Christmas In England Unit Study
-The first ever Christmas card was posted in England in the 1840s, and the act of sending holiday cards was “invented”.
-The Christmas tree was popularized by Prince Albert, the husband of Queen Victoria. She brought one into the castle and royal household in 1840.
-The day after Christmas is known in Britain as Boxing Day, which gets its name from a former custom of giving a Christmas Box. This “box” was often given to delivery people, such as milkmen or postmen, as a way of rewarding the service person for a year of work.
-Christmas Day is a day for a special holiday meal. Dinner consists traditionally of a roast turkey, goose or chicken with stuffing and potatoes. This is followed by mince pies and Christmas pudding , which might contain coins or lucky charms for the children. Later in the day, a Christmas cake may be served - a rich baked fruit cake with marzipan, icing and sugar frosting.
-A tradition of Christmas crackers often accompanies food on Christmas Day. Invented by a London baker in 1846, a cracker is a brightly colored paper tube. The cracker has a hat, riddle,toy or other trinket. When it is pulled by two people it gives out a crack as its contents are dispersed, as the ends of the cracker are twisted.
Once you have read and discussed the fun facts with your homeschooler, challenge them to one of the following activities:
-Ages PreK-Grade 1~ Draw a picture of your favorite tradition that is followed in England at Christmas time.
-Grade 2-5~ Make a mini book by cutting out Christmas symbols (a big bell, snowman, etc) and write a few facts about Christmas in England on each page. Illustrate the pages too.
-Grades 6-12~ Write an essay on the similarities and differences between England and America when celebrating Christmas. Perhaps your child can create an op-ed piece to go along with their essay, explaining which country is best to spend Christmas in, England or America.
Pantomimes, or "Mummery" as it is also called, is a fun game to play with your children. In England folks of all ages play these games on Christmas Eve and Christmas Day. While we think of Pantomimes as silent, the people in England play this game using words. Often times the mimes act out fairy tales that everyone knows, or nursery rhymes. The audience needs to guess the name of the rhyme or tale. Place index cards or paper slips in a bowl with the names of a dozen rhymes and tales for your homeschoolers to act out. You can even hold a family competition to see who can guess the most correctly. I plan to try this game in a Christmas Around the World co-op, so it can be done with a homeschool group too!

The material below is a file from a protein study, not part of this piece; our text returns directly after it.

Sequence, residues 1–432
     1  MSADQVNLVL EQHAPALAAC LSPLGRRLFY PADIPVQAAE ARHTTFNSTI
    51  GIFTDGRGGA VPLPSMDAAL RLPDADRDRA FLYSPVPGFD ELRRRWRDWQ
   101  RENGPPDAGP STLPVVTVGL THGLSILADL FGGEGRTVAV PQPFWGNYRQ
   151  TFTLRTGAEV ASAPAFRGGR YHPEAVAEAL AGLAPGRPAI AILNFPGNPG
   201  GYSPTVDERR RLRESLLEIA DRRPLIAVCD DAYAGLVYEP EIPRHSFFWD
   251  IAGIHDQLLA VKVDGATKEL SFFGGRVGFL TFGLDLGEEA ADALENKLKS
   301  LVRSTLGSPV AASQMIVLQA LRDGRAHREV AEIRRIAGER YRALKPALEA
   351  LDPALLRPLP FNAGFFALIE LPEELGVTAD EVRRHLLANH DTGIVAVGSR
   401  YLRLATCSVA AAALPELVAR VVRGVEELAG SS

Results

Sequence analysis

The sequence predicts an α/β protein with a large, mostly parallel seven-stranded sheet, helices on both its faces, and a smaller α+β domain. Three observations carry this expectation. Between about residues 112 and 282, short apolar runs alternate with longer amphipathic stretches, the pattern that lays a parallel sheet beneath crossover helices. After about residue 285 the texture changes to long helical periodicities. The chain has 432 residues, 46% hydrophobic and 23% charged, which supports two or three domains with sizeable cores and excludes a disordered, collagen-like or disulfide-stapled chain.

Resources for this study are varied. Several books, including a book on children in England called "Kids Around the World: United Kingdom, England" is a great knowledge base for information and research. Tried and true classic versions of "A Christmas Carol" are also wonderful for teaching about an English holiday. Charles Dickens was, and still remains, a beloved author from the Victorian era in England. There is even a teachers guide to go along with teaching this classic chapter book. To add a touh of festivity view one of the many family orientated dvds of A Christmas Carol. The Muppets, Mickey Mouse and George C. Scott have all starred in super versions.
Have a very merry English Christmas holiday study!
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